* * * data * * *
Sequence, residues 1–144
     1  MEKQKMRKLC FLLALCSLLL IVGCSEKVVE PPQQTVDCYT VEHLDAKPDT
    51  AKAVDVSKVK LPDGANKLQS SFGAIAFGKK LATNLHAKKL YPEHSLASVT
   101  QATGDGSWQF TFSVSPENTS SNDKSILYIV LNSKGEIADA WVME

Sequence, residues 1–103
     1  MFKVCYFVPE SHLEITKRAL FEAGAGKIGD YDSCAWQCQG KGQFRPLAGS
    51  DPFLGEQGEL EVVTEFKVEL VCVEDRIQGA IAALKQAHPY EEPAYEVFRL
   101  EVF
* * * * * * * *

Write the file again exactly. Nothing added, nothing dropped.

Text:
Sequence, residues 1–144
     1  MEKQKMRKLC FLLALCSLLL IVGCSEKVVE PPQQTVDCYT VEHLDAKPDT
    51  AKAVDVSKVK LPDGANKLQS SFGAIAFGKK LATNLHAKKL YPEHSLASVT
   101  QATGDGSWQF TFSVSPENTS SNDKSILYIV LNSKGEIADA WVME

Sequence, residues 1–103
     1  MFKVCYFVPE SHLEITKRAL FEAGAGKIGD YDSCAWQCQG KGQFRPLAGS
    51  DPFLGEQGEL EVVTEFKVEL VCVEDRIQGA IAALKQAHPY EEPAYEVFRL
   101  EVF